Offense remains a work in progress
MORGANTOWN - In West Virginia's first game of the season, the Mountaineers gained 409 yards and scored 24 points against FCS William & Mary. They needed a touchdown with 31/2 minutes to play just to win.
Through the next four games, those numbers declined. WVU was averaging less than 400 yards of total offense and just over 20 points per game. Last week's loss at Baylor inflated the scoring average thanks to 42 points, but two of the touchdowns were scored by defense and special teams and two others after the Mountaineers had fallen behind 56-14 and Baylor substituted.
The total yardage figure was again right about at the average - 394 yards.
And so through six games, playing under a coach whose calling card always has been offense, West Virginia ranks 94th (out of 123 FBS schools) in scoring, 79th in total offense, 102nd in red-zone offense, 105th in pass completion percentage, 113th in third-down conversion rate, 115th in turnovers and 118th in fumbles lost.
Of all the offensive statistics kept by the NCAA, West Virginia's highest rank is in first downs, at No. 40.
"I knew we were going to be a work in progress,'' said that offensive-minded coach, Dana Holgorsen. "I knew it and everybody knew it.''
Yes, but few expected it to be this much work.
"I wanted it to come together quicker. I wish I was sitting here after six games saying that we know who we are, where we're at and where we're going,'' Holgorsen said. "That's not the current situation and it's not anyone's fault.
"We've played some pretty good teams. We have a lot of inexperience and we have some injuries. We're dealing with a lot of stuff that teams across the country are dealing with.''
Indeed, West Virginia's offense has issues, not the least of which is inexperience. Few expected the Mountaineers to match the record-breaking numbers that Geno Smith, Tavon Austin, Stedman Bailey and others helped create the last two seasons. The quarterbacks, receivers and running backs are almost all new, some arriving on campus only this summer. The offensive line is in transition.
And even the offensive position coaches are all new. Ron Crook (line), Lonnie Galloway (receivers) and JaJuan Seider (backs) are in their first year, and coordinator Shannon Dawson moved from receivers to quarterbacks coach.
Yet Holgorsen insists the offense is getting better.
Well, at least he thinks it's making progress.
"You can see some things happening that show improvement,'' Holgorsen said. "Whether you want to believe that or not, you can see some things. We need to improve so we can win some games.''
The truth is, the Mountaineers need to improve just to stay in some games.
At Baylor last weekend, in what would turn into a 73-42 drubbing, the offense once again seemed lost. For the most part, the philosophy of attack seemed to be to throw the ball as far as possible and see if anyone could catch it. Time and again the Mountaineers went deep.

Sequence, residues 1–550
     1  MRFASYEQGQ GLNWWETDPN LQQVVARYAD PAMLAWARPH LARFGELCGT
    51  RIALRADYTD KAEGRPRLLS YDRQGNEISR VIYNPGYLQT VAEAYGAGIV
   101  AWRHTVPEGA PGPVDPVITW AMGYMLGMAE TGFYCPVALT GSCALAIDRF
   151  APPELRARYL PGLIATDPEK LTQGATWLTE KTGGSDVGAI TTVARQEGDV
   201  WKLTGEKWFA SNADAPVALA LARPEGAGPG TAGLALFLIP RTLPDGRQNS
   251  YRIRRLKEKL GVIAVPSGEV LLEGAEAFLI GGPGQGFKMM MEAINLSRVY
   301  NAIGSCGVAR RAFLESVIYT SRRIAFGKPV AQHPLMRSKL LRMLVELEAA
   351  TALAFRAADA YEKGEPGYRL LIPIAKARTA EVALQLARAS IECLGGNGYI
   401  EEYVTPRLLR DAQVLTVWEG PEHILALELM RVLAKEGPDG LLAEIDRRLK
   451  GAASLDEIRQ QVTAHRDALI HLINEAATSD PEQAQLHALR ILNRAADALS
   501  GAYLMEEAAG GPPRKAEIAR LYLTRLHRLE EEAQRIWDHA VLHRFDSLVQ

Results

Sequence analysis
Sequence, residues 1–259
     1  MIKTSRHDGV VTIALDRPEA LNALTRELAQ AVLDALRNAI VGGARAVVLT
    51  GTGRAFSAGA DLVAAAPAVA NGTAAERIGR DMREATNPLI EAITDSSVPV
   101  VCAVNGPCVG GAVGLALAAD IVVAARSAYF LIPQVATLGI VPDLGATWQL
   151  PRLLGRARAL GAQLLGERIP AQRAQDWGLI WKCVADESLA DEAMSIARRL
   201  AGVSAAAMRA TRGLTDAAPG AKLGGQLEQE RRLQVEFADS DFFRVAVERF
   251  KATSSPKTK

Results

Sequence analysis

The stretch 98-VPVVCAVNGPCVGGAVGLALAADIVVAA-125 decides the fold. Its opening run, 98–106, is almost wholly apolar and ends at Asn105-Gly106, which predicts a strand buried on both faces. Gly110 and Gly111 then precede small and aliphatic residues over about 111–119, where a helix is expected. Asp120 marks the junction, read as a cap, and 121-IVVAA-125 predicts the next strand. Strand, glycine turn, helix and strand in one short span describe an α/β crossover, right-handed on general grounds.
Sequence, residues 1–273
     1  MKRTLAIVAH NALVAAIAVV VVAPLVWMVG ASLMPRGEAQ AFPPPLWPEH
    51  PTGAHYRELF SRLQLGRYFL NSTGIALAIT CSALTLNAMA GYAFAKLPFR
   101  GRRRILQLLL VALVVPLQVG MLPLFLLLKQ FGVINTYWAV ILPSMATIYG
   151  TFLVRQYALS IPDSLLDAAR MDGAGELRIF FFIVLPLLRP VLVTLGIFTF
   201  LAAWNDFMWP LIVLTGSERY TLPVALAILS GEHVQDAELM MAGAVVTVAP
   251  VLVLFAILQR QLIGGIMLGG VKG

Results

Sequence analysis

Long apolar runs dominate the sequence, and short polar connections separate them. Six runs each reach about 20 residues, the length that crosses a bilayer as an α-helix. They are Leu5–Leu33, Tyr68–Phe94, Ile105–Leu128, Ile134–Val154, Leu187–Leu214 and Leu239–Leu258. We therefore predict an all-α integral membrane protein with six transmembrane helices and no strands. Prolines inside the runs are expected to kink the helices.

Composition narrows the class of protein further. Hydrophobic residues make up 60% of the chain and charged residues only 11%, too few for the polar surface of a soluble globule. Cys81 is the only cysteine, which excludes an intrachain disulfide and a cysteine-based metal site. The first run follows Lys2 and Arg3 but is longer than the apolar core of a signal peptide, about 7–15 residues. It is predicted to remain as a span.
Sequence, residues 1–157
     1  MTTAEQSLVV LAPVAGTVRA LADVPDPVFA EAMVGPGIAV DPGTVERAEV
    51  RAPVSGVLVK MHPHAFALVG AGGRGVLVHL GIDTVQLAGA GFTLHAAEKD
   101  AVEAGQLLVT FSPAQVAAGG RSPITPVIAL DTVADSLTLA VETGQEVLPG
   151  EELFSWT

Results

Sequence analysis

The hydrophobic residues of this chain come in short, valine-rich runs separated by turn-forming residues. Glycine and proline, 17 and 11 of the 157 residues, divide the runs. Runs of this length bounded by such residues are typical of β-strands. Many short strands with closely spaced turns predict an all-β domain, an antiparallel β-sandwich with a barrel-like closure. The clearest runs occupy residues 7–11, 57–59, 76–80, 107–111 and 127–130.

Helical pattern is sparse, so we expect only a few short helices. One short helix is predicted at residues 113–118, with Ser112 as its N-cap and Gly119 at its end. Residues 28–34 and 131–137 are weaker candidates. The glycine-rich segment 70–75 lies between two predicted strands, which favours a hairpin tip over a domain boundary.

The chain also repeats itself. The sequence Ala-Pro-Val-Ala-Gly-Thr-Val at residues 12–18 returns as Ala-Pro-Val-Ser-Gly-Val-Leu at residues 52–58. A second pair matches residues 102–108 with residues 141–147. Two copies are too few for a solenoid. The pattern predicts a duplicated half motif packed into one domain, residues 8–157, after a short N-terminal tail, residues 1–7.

It worked a few times. Blind-squirrel-and-acorn worked, or so it seemed. But Holgorsen insisted that the strategy wasn't just a prayer, but rather taking the one thing Baylor's defense seemed to be giving.
Smith and Bailey no doubt would have taken advantage of that. Newbie quarterback Clint Trickett and all those receivers he met about 10 minutes ago? Not so much.
"We've got a quarterback trying to throw a post route to five different guys that he's never thrown that to,'' Holgorsen said. "Based on how fast the receivers are and the relationship between the quarterback and that specific receiver, the ball needs to be thrown accordingly. This is stuff that happens in the course of a second. Last year, it was Geno Smith to Stedman Bailey. That was easier because they've been doing it for eight years.
"We got some to Kevin White. That looked good. We got Charles Sims loose down the field. We think good things are going to happen. We have to keep improving and getting better. We tried to attack and we'll try again.''
The hope, of course, is that it begins to click. Perhaps when West Virginia lines up again - against Texas Tech Saturday at Mountaineer Field - the timing will be better. Then again, maybe the deep post isn't what the Red Raiders are giving up. If not, you work on something else.
"We're going to try and put ourselves in the best situation we possibly can. If it doesn't work, we need to do it again and again and again until it works out,'' Holgorsen said. "You can't use a magic wand or put some sort of a spell over them to make that stuff work. You just have to play. You need reps, time and practice.
"It's a hard game and we've played good teams. It is what it is.''
Reach Dave Hickman at 304-348-1734 or email@example.com or follow him at twitter.com/dphickman1.